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Amateur Soccer in New York, Built on Immigrant Pride

This is life in the Cosmopolitan League, one of the top amateur soccer leagues in the country and, in its various incarnations, also one of the oldest. Founded in 1923 by five teams of Germanic immigrants as the German-American league, the league has operated continually since, reaching a high-water mark in the 1950s and 1960s as global events and economies pushed players to the New York market.

The league has seen the ebbs and flows of American soccer as it has evolved through everything from foreign wars to industrial fortunes to globalization. Within the sport itself, the Cosmopolitan League has also witnessed the rise and fall and return of the North American Soccer League, the creation of Major League Soccer and the media phenomenon the European game has become in the digital era.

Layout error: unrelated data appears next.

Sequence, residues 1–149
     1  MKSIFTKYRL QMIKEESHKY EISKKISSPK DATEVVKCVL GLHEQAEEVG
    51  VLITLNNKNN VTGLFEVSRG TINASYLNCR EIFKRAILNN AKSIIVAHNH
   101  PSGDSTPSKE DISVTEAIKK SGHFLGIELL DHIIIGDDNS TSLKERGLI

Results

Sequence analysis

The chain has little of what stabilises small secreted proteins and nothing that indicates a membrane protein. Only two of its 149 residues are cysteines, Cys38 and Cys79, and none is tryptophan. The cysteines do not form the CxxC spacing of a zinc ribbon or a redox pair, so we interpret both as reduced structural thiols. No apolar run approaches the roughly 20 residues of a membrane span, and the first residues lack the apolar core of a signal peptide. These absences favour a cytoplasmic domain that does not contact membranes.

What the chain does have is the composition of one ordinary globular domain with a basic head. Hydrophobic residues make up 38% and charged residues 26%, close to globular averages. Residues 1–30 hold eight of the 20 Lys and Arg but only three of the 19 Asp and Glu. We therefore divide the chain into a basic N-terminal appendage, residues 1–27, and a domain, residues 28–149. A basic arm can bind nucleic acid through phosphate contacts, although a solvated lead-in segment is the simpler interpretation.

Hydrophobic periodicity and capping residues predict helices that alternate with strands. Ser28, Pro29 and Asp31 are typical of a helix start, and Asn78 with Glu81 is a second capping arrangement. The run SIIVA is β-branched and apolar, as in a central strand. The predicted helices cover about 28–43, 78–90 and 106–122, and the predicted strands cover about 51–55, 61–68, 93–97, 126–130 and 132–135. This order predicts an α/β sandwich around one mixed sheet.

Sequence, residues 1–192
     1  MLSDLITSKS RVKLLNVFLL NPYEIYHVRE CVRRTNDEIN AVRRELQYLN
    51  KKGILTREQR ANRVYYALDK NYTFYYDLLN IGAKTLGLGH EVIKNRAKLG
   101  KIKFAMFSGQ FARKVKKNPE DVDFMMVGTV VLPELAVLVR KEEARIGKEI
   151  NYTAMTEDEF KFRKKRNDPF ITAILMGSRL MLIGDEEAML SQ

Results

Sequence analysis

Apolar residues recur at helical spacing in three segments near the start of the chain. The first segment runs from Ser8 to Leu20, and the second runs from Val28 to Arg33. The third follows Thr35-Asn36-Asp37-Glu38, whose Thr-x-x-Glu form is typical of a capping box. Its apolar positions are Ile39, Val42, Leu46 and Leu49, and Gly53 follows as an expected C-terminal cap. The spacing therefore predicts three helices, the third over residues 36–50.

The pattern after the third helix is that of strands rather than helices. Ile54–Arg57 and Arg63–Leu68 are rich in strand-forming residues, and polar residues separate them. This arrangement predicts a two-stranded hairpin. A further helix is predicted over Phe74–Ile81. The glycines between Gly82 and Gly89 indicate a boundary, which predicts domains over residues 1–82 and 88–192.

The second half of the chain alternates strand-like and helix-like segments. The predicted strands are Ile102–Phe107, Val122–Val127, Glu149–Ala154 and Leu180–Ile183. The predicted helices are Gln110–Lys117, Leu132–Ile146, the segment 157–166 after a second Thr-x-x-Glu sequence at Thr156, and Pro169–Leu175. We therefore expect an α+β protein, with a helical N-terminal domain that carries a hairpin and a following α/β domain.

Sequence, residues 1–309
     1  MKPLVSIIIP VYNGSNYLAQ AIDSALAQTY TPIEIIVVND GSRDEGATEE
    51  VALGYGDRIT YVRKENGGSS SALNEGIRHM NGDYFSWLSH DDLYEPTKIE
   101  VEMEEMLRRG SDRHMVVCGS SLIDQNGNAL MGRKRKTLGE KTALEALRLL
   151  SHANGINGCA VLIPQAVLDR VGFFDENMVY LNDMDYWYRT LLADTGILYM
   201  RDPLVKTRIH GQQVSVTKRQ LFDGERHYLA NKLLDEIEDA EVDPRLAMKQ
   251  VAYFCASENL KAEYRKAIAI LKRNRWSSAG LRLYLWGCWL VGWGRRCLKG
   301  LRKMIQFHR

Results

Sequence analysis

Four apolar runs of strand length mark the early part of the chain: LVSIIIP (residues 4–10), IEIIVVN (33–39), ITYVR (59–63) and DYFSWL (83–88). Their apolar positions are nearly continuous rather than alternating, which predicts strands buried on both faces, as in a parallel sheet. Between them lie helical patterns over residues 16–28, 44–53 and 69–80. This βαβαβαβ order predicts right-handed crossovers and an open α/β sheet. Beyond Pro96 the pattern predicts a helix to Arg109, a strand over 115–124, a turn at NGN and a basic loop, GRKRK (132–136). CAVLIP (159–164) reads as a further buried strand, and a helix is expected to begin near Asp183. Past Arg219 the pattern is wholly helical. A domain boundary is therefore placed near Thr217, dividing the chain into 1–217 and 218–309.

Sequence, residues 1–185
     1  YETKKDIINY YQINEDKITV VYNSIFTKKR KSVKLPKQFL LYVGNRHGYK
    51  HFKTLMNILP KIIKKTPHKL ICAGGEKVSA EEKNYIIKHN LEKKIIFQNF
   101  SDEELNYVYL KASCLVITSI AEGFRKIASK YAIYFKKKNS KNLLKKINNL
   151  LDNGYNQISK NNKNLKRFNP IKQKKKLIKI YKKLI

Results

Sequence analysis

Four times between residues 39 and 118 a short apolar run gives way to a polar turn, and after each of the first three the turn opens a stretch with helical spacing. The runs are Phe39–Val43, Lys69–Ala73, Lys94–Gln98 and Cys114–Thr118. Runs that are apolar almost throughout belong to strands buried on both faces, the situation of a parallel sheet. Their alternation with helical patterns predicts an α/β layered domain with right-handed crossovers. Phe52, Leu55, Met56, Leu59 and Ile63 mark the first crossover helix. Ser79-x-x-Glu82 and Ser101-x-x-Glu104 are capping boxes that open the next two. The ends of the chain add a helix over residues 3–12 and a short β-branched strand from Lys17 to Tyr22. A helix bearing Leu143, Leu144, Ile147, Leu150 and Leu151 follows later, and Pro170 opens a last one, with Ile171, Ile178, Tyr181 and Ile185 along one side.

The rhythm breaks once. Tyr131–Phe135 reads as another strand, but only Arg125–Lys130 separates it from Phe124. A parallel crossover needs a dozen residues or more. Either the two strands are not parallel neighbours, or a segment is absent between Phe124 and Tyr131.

And through it all, it has represented a kind of core sample of both New York immigration and some enduring elements of American soccer.

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Philip Christopher, founder of the New York Pancyprian Freedoms, remembers past “crazy” rivalries between teams like the Brooklyn Italians and the Greek Americans.

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